a city, town, or other place where ships load or unload.
a place along a coast in which ships may take refuge from storms; harbor.
Also called port of entry. Law. any place where persons and merchandise are allowed to pass, by water or land, into and out of a country and where customs officers are stationed to inspect or appraise imported goods.
"harbor," O.E. port "harbor, haven," reinforced by O.Fr. port, both O.E. and O.Fr. from L. portus "port, harbor," originally "entrance, passage," from PIE *prtu- "a going, a passage," from base *per- "to lead, pass over" (cf. Skt. parayati "carries over;" Gk. poros "journey, passage, way," peirein "to pierce, run through;" L. porta "gate, door," portare "passage," peritus "experienced;" Avestan peretush "passage, ford, bridge;" Armenian hordan "go forward;" Welsh rhyd "ford;" O.C.S. pariti "fly;" O.E. faran "to go, journey," O.N. fjörðr "inlet, estuary"). Meaning "left side of a ship" is attested from 1543, from notion of "the side facing the harbor" (when a ship is docked). It replaced larboard in common usage to avoid confusion with starboard (q.v.); officially so by Admiralty order of 1844 and U.S. Navy Department notice of 1846. Fig. sense "place of refuge" is attested from 1426; phrase any port in a storm first recorded 1749.
"gateway," O.E., from O.Fr. porte "gate, entrance," from L. porta "gate, door," from PIE base *per- (see port (1)). Specific meaning "porthole, opening in the side of a ship" is attested from 1243.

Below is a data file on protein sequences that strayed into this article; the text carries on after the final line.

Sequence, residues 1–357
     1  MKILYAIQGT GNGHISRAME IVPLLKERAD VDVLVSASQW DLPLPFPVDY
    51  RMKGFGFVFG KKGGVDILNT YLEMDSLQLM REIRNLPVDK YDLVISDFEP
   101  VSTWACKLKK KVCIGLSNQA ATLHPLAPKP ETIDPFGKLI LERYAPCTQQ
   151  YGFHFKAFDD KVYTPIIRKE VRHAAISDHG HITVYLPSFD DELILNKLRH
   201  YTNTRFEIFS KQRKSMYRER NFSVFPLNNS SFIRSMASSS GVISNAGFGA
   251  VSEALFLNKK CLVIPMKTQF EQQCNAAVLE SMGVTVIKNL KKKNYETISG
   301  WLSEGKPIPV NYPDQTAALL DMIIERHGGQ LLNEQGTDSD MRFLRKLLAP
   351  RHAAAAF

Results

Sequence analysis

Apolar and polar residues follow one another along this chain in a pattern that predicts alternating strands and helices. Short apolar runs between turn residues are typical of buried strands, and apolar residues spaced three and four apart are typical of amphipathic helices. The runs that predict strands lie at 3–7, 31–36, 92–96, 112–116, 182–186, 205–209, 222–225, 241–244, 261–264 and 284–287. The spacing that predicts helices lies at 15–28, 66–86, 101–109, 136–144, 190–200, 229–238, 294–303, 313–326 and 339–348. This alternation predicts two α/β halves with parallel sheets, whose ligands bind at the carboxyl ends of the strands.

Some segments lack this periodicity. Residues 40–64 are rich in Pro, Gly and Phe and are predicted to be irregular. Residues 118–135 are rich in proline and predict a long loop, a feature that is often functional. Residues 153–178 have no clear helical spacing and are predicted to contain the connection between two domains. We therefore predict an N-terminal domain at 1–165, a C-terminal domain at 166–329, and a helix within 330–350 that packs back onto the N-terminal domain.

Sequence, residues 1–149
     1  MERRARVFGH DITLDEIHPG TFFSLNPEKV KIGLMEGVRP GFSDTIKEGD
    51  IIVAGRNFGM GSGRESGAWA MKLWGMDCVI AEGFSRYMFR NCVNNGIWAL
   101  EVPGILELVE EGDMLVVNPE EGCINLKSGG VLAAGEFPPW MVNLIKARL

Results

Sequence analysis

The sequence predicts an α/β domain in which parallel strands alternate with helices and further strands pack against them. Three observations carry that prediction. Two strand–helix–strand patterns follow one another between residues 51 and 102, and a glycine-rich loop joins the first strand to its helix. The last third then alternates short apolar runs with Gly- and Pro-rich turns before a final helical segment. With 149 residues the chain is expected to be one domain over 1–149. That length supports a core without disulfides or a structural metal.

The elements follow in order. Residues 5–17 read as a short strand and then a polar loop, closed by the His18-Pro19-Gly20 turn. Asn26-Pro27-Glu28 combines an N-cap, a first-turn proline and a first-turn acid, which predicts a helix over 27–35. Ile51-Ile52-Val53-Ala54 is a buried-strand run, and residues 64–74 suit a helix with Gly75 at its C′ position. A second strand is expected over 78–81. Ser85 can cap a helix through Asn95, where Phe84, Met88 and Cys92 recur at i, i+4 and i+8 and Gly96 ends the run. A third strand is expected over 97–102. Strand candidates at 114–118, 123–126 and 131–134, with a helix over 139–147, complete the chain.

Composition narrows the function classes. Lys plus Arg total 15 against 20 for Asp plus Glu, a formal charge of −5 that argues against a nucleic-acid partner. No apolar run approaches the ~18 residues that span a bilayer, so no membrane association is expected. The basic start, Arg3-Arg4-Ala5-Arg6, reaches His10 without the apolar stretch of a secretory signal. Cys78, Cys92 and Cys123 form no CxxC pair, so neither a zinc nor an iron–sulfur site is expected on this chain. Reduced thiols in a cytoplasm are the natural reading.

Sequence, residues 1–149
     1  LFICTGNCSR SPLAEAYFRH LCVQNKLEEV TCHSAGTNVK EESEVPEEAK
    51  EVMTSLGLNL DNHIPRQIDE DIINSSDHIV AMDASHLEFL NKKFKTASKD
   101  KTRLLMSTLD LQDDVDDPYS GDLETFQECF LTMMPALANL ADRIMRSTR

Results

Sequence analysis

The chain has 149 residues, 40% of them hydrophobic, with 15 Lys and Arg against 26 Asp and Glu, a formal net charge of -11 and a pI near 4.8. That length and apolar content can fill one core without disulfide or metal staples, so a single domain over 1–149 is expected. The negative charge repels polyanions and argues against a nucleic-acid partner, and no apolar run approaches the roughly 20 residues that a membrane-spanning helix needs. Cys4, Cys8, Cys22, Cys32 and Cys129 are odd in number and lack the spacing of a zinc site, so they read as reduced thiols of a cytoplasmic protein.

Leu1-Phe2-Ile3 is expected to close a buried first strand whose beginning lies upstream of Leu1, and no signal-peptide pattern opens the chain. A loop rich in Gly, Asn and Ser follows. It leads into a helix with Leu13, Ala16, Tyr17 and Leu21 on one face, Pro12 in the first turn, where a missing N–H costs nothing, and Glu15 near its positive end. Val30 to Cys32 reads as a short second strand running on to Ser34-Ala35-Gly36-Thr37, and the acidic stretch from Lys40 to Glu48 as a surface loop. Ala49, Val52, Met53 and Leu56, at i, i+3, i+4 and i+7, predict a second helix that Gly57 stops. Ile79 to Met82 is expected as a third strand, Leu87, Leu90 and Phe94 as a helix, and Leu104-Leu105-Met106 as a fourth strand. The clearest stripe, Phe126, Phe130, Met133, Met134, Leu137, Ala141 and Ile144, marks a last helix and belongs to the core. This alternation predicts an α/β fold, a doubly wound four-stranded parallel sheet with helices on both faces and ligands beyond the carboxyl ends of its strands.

"bearing, mien," c.1369, from O.Fr. port, from porter "to carry," from L. portare (see port (1)).
"sweet dark-red wine," 1691, shortened from Oporto, city in northwest Portugal from which the wine was originally shipped, from O Porto "the port."
An opening, as in a cylinder or valve face, for the passage of steam or fluid.
A place where data can pass into or out of a central processing unit, computer, or peripheral. With central processing units, a port is a fixed set of connections for incoming and outgoing data or instructions. With computers and peripherals, a port is generally a socket into which a connector can be plugged.
1. A logical channel or channel endpoint in a communications system. The Transmission Control Protocol and User Datagram Protocoltransport layer protocols used on Ethernet use port numbers to distinguish between (demultiplex) different logical channels on the same network interface on a computer. Each application program has a unique port number associated with it, defined in /etc/services or the Network Information Service "services" database. Some protocols, e.g. telnet and HTTP (which is actually a special form of telnet) have default ports specified as above but can use other ports as well. Some port numbers are defined in RFC 3232 (which replaces RFC 1700). Ports are now divided into: "Well Known" or "Privileged", and "Ephemeral" or "Unprivileged" (comprising "Registered", "Dynamic", "Private"). (2004-12-30) 2. To translate or modify software to run on a different platform, or the results of doing so. The portability of the software determines how easy it is to port. 3. An imperative language descended from Zed from Waterloo Microsystems (now Hayes Canada) ca. 1979. ["Port Language" document in the Waterloo Port Development System]. (2002-06-19)